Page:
How Often Should You Send a Newsletter?

I have a friend who writes sweet romance books. She releases often and makes quite a bit of money. I asked her where she felt she gets her biggest boost from. She didn’t even hesitate when she told me that her newsletter sells more books than anything else she does. Especially new releases.

A lot of people roll their eyes when they see the “Sign up for my Newsletter” box pop up on a website, but I have to tell you, that as of right now, a newsletter is a great way to connect with people.

There are a few distinct camps when it comes to newsletters.

The first are those that feel that newsletters should be few and far between. Only put them out when you have something important going on, like a new release or a sale.

The second are those that want a little more. Perhaps updates on current projects (tantalize those readers) and other exciting announcements. This camp doesn’t mind regular emails. Maybe once a month.

The third are those that want to know everything about the author. They want to know about their kids, their cats, their frustrations, their triumphs…everything and anything. These people are good with emails once every other or even every week.

None of these is wrong.

In truth, you should pick the one that’s best for you. Do you hate putting out newsletters? Does it stress you out? Don’t feel like you have much to say? Then do the first. If you like to engage your readers a little more, go for the second. If you love people and want to connect more personally, go for the third.

One thing that I appreciate is when I sign up for a newsletter, that the author or company tells me how often I’m likely to hear from them. That sets up the expectation in my mind, and I’m totally fine when my email gets hit once a week, or once a month, or once every three months.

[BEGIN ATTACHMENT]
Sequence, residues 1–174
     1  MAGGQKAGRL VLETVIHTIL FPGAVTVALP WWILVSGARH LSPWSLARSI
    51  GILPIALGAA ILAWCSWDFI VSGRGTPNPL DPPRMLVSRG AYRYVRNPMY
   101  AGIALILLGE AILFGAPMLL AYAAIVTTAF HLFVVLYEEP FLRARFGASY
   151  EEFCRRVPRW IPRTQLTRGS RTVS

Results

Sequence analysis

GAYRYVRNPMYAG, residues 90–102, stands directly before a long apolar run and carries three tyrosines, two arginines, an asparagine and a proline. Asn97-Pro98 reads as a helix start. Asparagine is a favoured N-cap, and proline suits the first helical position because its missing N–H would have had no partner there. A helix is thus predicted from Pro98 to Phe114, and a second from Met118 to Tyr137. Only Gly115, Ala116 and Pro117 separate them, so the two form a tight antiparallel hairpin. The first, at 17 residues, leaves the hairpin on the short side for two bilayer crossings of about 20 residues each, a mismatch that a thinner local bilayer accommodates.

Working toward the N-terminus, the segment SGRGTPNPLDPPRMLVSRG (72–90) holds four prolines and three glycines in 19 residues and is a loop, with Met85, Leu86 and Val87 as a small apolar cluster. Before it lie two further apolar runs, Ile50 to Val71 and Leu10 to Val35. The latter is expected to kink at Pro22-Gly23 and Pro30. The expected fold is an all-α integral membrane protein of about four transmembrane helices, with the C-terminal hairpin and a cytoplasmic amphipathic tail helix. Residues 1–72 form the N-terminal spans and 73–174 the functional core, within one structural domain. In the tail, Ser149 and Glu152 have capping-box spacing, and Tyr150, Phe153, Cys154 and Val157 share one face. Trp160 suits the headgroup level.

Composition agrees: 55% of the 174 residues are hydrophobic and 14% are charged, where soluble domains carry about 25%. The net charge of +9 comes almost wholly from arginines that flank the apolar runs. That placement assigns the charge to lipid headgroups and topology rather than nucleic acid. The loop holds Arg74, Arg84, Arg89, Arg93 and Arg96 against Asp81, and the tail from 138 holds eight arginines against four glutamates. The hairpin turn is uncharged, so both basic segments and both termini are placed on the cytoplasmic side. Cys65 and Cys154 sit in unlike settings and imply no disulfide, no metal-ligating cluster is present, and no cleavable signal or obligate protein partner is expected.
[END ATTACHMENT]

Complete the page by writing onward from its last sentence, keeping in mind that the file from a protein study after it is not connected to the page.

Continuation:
Personally, I’m between two and three. I don’t have any children or pets, so I can’t regale people with tales of my mothering woes, pet antics or honey-covered kitchen floors. But what I do have is a nerdy husband who thinks he’s hilarious. So he has his own little spot at the bottom of my newsletter where I usually post some stupid meme he’s sent me that he thinks is funny. Sometimes he’s right, sometimes he’s wrong. But it’s always there.

I also include an update about what I’m working on or perhaps an announcement. If we’ve been on vacation I usually share some pictures. There’s a section where I generally share a giveaway I’m involved in or someone else’s book (a book that I think my readers will like). And then I have a permanent call for people to join my review team. And that’s it.

I send my newsletter out every two weeks. Once in a while that changes, but not often.

The biggest connections I’ve made are when I ask a question of my readers. What fandom do they love and why? What are they grateful for that day? Where would they love to travel? Things like that. Sometimes I get one answer, other times I get a lot more.

I attended a class on newsletters last year, and the presenter asked, “If your favorite actor/singer/famous person sent a newsletter of what they did that week, would you read it?”

Uh, yeah. I might. I mean, what is Harrison Ford doing today?

So think of yourself not as a bother, but as an addition to people’s lives. Don’t waste their time, but give them a reason to make some time for you. Even if it’s just a few minutes.

About Jo Schneider

Jo Schneider grew up in Utah and Colorado, and finds mountains helpful in telling which direction she is going. One of Jo's goals is to travel to all seven continents—five down and two to go. Another goal was to become a Jedi Knight, but when that didn't work out, Jo started studying Shaolin Kempo. She now has a black belt, and she keeps going back for more. An intervention may be in order. Being a geek at heart, Jo has always been drawn to science fiction and fantasy. She writes both and hopes to introduce readers to worlds that wow them and characters they can cheer for. Jo lives in Salt Lake City, Utah with her adorkable husband, Jon, who is very useful for science and computer information as well as getting items off of top shelves.

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